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Since Marx's death in 1883, various groups around the world have appealed to Marxism as the theoretical basis for their politics and policies, which have often proved to be dramatically different and conflicting. One of the first major political splits occurred between the advocates of 'reformism', who argued that the transition to socialism could occur within existing bourgeois parliamentarian frameworks, and communists, who argued that the transition to a socialist society required a revolution and the dissolution of the capitalist state. The 'reformist' tendency, later known as social democracy, came to be dominant in most of the parties affiliated to the Second International and these parties supported their own governments in the First World War. This issue caused the communists to break away, forming their own parties which became members of the Third International. The following countries had governments at some point in the twentieth century who at least nominally adhered to Marxism: Albania, Afghanistan, Angola, Benin, Bulgaria, Chile, China, Republic of Congo, Cuba, Czechoslovakia, East Germany, Ethiopia, Grenada, Hungary, Laos, Moldova, Mongolia, Mozambique, Nepal, Nicaragua, North Korea, Poland, Romania, Russia, the USSR and its republics, South Yemen, Yugoslavia, Venezuela, Vietnam. In addition, the Indian states of Kerala and West Bengal have had Marxist governments. Some of these governments such as in Venezuela, Nicaragua, Chile, Moldova and parts of India have been democratic in nature and maintained regular multiparty elections, while most governments claiming to be Marxist in nature have established authoritarian governments. Marxist political parties and movements have significantly declined since the fall of the Soviet Union, with some exceptions, perhaps most notably Nepal.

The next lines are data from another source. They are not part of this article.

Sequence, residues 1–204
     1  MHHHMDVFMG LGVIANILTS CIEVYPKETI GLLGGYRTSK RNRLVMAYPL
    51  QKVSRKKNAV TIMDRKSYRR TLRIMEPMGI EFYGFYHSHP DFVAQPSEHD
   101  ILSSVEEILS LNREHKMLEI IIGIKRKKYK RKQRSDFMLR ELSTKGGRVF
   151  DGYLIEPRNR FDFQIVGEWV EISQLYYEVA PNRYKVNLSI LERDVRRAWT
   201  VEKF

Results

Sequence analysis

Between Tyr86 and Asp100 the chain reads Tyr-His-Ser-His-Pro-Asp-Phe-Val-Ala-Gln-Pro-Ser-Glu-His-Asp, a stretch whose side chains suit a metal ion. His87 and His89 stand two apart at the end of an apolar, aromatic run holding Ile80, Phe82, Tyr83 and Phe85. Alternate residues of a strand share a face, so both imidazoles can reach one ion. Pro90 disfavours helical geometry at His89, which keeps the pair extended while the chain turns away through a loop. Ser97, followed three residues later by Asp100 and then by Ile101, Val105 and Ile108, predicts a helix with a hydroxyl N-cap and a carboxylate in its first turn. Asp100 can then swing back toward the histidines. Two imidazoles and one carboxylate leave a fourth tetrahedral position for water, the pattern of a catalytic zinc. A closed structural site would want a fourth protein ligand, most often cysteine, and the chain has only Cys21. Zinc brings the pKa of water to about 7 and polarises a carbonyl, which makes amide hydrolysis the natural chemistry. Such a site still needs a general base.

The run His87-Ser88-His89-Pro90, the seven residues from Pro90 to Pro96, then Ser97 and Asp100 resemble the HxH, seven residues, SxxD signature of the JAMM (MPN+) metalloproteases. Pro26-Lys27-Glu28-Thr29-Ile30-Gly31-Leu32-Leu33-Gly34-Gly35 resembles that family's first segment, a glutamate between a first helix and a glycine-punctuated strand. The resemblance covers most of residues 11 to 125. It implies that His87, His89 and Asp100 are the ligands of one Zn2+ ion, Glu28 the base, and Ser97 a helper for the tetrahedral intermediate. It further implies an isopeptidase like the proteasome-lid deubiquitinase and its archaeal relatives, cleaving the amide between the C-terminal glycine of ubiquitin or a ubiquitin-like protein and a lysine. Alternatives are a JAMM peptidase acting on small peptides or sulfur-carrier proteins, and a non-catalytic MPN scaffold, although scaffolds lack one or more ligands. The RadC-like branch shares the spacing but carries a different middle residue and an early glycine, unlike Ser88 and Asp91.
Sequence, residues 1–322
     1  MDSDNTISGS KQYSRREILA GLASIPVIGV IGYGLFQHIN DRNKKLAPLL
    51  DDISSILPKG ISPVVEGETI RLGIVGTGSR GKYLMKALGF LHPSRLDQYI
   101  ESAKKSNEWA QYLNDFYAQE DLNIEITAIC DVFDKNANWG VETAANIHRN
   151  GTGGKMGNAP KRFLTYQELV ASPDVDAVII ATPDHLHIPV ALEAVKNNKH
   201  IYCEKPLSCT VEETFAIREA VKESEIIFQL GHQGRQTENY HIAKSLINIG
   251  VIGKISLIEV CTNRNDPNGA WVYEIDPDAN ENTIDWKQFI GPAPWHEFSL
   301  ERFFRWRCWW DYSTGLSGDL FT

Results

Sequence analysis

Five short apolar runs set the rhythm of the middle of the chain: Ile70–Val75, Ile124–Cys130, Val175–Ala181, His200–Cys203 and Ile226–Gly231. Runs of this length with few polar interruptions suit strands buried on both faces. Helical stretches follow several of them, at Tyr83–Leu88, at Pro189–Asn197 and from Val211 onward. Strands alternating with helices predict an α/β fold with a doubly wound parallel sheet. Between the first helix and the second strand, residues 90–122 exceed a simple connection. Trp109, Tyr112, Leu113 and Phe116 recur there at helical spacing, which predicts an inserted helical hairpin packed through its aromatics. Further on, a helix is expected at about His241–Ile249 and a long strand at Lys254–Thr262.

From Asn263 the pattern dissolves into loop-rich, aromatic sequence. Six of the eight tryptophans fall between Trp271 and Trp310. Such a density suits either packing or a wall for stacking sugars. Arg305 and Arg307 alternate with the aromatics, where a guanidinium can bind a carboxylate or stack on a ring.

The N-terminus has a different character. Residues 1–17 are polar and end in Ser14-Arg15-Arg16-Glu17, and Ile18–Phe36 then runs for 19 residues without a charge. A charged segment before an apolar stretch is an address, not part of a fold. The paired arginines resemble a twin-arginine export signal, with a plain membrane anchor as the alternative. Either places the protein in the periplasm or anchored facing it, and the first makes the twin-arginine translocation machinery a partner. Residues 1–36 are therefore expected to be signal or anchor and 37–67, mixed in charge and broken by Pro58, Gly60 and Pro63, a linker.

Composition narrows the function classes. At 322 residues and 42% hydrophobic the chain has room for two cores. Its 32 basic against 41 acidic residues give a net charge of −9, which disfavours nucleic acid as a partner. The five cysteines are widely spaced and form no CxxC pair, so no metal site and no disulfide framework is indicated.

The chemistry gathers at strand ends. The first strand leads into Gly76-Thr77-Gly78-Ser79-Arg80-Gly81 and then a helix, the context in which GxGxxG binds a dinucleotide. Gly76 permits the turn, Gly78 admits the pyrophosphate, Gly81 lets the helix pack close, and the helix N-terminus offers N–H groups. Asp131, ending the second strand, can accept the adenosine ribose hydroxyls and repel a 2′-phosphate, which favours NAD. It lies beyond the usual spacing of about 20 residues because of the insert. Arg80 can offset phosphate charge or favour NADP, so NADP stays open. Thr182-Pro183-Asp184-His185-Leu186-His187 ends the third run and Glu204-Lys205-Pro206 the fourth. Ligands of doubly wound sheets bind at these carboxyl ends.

The 1917 October Revolution, led by Vladimir Lenin, was the first large scale attempt to put Marxist ideas about a workers' state into practice. The new government faced counter-revolution, civil war and foreign intervention. Many, both inside and outside the revolution, worried that the revolution came too early in Russia's economic development. Consequently, the major Socialist Party in the UK decried the revolution as anti-Marxist within twenty-four hours, according to Jonathan Wolff. Lenin consistently explained "this elementary truth of Marxism, that the victory of socialism requires the joint efforts of workers in a number of advanced countries" (Lenin, Sochineniya (Works), 5th ed Vol XLIV p418.) It could not be developed in Russia in isolation, he argued, but needed to be spread internationally. The 1917 October Revolution did help inspire a revolutionary wave over the years that followed, with the development of Communist Parties worldwide, but without success in the vital advanced capitalist countries of Western Europe. Socialist revolution in Germany and other western countries failed, leaving the Soviet Union on its own. An intense period of debate and stopgap solutions ensued, war communism and the New Economic Policy (NEP). Lenin died and Joseph Stalin gradually assumed control, eliminating rivals and consolidating power as the Soviet Union faced the events